As we get closer to the season, you can use this chart -- or, at least, the principles behind it -- to determine how to properly value Gronkowski. Even if Gronkowski is projected to miss four games, he would still be rank as the #2 tight end in standard leagues (we have Aaron Hernandez at #2 in standard leagues, projected to score 141 fantasy points if Hernandez plays in all 16 games; of course, his numbers might go up when Gronkowski is out). In PPR leagues, Jason Witten is our #2 tight end; 13 games of Gronkowski would be nearly as valuable (229 adjusted fantasy points) as 16 games of Witten (232 points if fully healthy). In 1.5 PPR leagues, Gronkowski loses ground on Witten (we project theCowboys star to lead all tight ends in receptions) but we still have Gronkowski ahead of Hernandez if he misses just three games.
The takeaway should be to not overreact to the news regarding the surgery. Let's go to the extreme: even if Gronkowski missed 10 games, in PPR leagues, that would still give him 182 adjusted fantasy points. That's one point more than we project for Dennis Pitta, Footballguys' #5 tight end in PPR leagues, to score over a fully healthy sixteen games. In other words, don't forget that Gronkowski is still an extremely valuable fantasy player even if he misses some time. On a VBD basis, he'll be a monster ever week he plays.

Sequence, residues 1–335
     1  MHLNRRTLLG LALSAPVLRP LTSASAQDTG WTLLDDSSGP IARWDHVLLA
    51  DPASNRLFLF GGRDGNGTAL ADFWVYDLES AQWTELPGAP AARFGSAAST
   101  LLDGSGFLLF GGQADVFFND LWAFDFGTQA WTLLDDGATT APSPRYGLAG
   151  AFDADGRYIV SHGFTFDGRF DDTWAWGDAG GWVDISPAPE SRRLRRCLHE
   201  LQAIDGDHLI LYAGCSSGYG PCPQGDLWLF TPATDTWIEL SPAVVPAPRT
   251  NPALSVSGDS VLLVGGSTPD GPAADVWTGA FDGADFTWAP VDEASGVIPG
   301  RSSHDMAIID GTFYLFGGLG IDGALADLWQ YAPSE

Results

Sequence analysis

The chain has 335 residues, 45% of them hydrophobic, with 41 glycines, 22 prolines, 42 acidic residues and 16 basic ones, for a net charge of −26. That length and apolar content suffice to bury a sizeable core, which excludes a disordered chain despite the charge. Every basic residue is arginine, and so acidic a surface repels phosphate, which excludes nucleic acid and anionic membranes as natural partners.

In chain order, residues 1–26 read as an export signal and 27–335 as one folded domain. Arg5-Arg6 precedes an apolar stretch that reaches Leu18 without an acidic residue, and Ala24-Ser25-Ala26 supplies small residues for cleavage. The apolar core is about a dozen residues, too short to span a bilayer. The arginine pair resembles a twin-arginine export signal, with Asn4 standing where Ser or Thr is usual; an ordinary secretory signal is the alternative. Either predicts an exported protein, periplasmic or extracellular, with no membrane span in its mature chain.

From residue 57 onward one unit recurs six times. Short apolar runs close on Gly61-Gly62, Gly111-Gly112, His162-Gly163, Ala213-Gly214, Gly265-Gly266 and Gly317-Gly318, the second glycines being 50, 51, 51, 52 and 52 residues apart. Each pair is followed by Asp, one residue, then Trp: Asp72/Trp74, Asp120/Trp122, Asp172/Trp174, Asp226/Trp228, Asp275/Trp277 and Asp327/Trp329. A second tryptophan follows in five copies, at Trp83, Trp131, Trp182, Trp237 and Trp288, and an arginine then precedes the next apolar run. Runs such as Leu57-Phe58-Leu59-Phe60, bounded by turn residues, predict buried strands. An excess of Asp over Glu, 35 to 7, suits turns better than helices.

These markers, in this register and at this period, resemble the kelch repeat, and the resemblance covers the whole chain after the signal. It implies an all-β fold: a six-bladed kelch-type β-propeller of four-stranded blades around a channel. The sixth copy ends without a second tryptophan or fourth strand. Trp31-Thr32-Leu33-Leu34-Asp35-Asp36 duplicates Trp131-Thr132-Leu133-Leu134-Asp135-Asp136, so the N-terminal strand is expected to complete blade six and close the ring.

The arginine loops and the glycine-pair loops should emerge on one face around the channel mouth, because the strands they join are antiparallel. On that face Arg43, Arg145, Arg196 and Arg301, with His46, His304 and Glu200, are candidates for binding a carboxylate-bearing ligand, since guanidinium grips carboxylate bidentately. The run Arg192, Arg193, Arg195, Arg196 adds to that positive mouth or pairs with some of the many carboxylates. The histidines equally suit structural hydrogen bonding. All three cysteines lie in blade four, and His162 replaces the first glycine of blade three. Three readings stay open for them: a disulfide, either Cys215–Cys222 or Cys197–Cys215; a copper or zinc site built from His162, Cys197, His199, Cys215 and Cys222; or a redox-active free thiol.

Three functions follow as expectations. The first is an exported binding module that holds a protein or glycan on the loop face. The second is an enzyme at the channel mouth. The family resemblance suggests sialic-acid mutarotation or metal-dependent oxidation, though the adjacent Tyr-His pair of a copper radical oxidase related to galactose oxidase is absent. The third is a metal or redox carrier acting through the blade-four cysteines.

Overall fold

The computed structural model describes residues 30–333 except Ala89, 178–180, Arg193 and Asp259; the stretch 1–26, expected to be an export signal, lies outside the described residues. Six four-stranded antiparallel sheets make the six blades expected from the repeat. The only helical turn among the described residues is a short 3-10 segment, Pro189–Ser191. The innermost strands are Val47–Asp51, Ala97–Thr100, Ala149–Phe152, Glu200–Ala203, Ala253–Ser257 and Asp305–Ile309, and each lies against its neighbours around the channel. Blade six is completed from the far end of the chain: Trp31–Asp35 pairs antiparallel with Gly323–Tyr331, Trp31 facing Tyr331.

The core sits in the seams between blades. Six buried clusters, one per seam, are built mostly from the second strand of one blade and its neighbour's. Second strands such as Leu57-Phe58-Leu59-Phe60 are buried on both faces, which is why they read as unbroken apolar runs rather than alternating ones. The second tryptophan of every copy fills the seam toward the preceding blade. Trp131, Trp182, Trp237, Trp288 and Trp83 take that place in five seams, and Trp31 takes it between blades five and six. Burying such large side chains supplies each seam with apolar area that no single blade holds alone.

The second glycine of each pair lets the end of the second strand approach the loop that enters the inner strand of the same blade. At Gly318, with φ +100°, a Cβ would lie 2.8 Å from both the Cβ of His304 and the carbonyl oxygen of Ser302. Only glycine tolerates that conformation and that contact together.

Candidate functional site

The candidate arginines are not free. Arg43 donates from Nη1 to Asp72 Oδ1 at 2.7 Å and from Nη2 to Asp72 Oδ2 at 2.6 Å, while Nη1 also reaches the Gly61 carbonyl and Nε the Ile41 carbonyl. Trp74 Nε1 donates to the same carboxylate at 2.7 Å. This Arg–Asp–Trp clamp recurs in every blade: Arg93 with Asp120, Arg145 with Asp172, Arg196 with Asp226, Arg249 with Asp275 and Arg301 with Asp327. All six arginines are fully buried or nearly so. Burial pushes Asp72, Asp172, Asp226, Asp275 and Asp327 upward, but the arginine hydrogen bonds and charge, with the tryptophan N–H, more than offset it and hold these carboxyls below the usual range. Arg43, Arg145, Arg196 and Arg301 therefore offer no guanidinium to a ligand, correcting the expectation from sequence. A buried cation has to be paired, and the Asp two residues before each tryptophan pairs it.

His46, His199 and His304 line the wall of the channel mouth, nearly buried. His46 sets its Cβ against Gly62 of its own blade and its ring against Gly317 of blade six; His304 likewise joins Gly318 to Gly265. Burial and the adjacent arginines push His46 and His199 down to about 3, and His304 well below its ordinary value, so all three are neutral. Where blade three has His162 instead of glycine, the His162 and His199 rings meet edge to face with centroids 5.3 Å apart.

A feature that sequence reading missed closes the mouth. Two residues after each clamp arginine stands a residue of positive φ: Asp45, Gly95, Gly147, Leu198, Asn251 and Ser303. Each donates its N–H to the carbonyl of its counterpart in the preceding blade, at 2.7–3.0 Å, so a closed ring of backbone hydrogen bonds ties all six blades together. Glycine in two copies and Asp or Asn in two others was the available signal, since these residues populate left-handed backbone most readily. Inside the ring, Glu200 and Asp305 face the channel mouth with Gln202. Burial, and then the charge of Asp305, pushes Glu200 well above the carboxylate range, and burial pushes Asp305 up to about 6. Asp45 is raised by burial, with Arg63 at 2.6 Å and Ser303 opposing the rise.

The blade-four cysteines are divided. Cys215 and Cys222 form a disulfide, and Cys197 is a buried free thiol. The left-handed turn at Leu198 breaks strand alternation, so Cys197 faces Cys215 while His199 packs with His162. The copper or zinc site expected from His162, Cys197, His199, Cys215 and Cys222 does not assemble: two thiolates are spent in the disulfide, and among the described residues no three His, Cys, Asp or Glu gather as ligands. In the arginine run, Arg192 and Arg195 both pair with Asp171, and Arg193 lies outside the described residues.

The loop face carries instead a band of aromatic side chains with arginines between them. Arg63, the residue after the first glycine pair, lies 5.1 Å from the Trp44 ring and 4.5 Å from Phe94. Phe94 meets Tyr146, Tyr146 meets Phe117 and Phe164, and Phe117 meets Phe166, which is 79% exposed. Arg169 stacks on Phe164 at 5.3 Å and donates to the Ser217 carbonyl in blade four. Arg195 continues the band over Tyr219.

There are two other things to keep in mind. These projections assume Gronkowski is healthy once he returns, which is not necessarily a fair assumption. He would still be an injury risk, and to the extent he'd be more of an injury risk than your average tight end, you might want to bump his numbers down a bit. Remember, missing the first four games of the season does not mean Gronkowski will play in 12 games.
But there's another factor that's even more important to remember. At the end of the day, the first few weeks of the fantasy season are the least important weeks. If you're a Footballguys subscriber, you will have the tools in place to be a championship contender in your league. If that's the case, having a healthy Gronkowski for your playoff run would be a huge boost to any fantasy team. To the extent that Gronkowski is undervalued because he's going to miss a few games, keep in mind that not only can you start a decent player while he's hurt, but you will likely have a fantasy star on your roster during the most important weeks of the fantasy season.
More from Chase Stuart:
Running Back Production by Quarter (2014) - July 29
Running Back Workload Part II - July 18
Running Back Workload - July 11
Running Back Fantasy Production in Wins and Losses - July 7
Quarterback By Committee 2014 - June 19
Rearview QB - June 5
A Starting Point for 2014 Running Back Projections - May 27
How to Project Receiving Yards In 2014 - May 14
Cross-Team Running Back Handcuffs - August 28
Search our Stats: A Guide to the Data Dominator, Historical Data Dominator, and Game Log Dominator - August 14